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Sidney James Goodyear

Portrait of Sidney James Goodyear. Ohura Legion of Frontiersmen. c1912-1914. Handwritten in ballpoint pen on verso "Sidney James Goodyear/ Front row, first left. Ohura Legion of Frontiersmen?/ 1912-1914?".

Auckland War Memorial Museum - Tāmaki Paenga Hira. PH-2007-4-2 Detail.

Sidney James Goodyear served in the New Zealand Field Artillery from 1914 to 1918. He was part of the 4th Howitzer Battery, which was the first battery to land at Gallipoli. He went on to fight in France and at the Battle of Passchendaele, in Belgium, where he was wounded.

After the war Goodyear was assigned a soldier settlement block of land at Rotoma, which he developed and farmed. The family later shifted to Athenree in 1940. He died in 1971, aged 82 years.

Sidney was the fourth of nine children and sent many letters to his seven sisters during the war. This correspondence was not only written on normal note paper and postcards but on some more unlikely materials including Howitzer cartridge caps and on the back of cigarette packets. Two of these Howitzer card letters are transcribed below.

Dear Annie,

I am getting on alright and am doing well we get well fed and enough sleep and have plenty of fun to keep laughing over it is rather exhausting being at war sometimes we are getting the Turks a few shells to keep them quiet just now.

Love to all From Sid

Letter on Howitzer cartridge cap from 2/1002 Sidney James Goodyear, New Zealand Field Artillery, to his sister Alice, post-marked 9 July 1915:

“Dear Alice

Just received yours of 16th May. I only get one weekly from you so far others must have gone astray. Glad to hear all well at home. I am alright so far had a few narrow escapes so far but nothing to skite about. I have met a good many Tga [Tauranga] boys here.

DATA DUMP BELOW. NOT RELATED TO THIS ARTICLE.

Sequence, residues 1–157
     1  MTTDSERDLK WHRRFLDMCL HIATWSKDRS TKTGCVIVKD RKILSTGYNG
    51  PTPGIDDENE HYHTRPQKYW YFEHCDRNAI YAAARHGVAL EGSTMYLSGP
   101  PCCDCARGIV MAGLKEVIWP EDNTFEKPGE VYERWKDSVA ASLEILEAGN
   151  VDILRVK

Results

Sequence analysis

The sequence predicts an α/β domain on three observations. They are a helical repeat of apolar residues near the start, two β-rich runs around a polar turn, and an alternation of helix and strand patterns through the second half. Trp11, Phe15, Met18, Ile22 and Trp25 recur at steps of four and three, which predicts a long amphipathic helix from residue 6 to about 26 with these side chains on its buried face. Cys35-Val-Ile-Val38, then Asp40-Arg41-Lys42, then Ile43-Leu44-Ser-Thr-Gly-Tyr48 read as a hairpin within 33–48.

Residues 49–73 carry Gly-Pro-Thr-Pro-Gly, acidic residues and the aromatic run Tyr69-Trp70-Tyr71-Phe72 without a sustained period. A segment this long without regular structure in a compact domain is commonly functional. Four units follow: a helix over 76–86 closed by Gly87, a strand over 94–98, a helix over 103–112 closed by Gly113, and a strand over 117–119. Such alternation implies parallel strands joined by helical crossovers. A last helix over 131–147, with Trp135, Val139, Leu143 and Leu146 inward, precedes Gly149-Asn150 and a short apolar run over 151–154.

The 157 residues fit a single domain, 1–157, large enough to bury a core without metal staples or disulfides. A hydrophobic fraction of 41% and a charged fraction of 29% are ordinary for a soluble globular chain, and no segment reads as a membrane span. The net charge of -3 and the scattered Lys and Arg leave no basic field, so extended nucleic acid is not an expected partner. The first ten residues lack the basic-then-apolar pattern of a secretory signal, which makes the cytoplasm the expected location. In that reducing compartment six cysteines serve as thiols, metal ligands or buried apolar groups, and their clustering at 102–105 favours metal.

Love to all From Sid Goodyear

— Letter on Howitzer cartridge cap from 2/1002 Sidney James Goodyear, New Zealand Field Artillery, to his sister Alice, post-marked 16 June 1915.

Letter to Miss A Goodyear from Sidney James Goodyear June 16 1915. Written on 13.5 cm cardboard disks (howitzer cartridge packing).

Goodyear, Sidney James. War letters and papers, 1914 - 2006. Auckland War Memorial Museum - Tāmaki Paenga Hira. MS 2007/25-25_Verso.

Goodyear was part of the Howitzer Battery which his son Alan suggests as being part of the reason why he survived Gallipoli. This unit was in a more protected position out of range of normal fire.

Alan goes on to state that "[Sidney] never told his family much about Gallipoli but one story that we heard was that the reason that he did not fall sick was that he had acquired a tin of curry and used some with every meal of bully beef.

Auckland War Memorial Museum holds the Sidney: Goodyear, Sidney James. War letters and papers, 1914 - 2006. Auckland War Memorial Museum Library. MS-2007-25 which includes 100 letters sent to his mother and seven sisters during the war.

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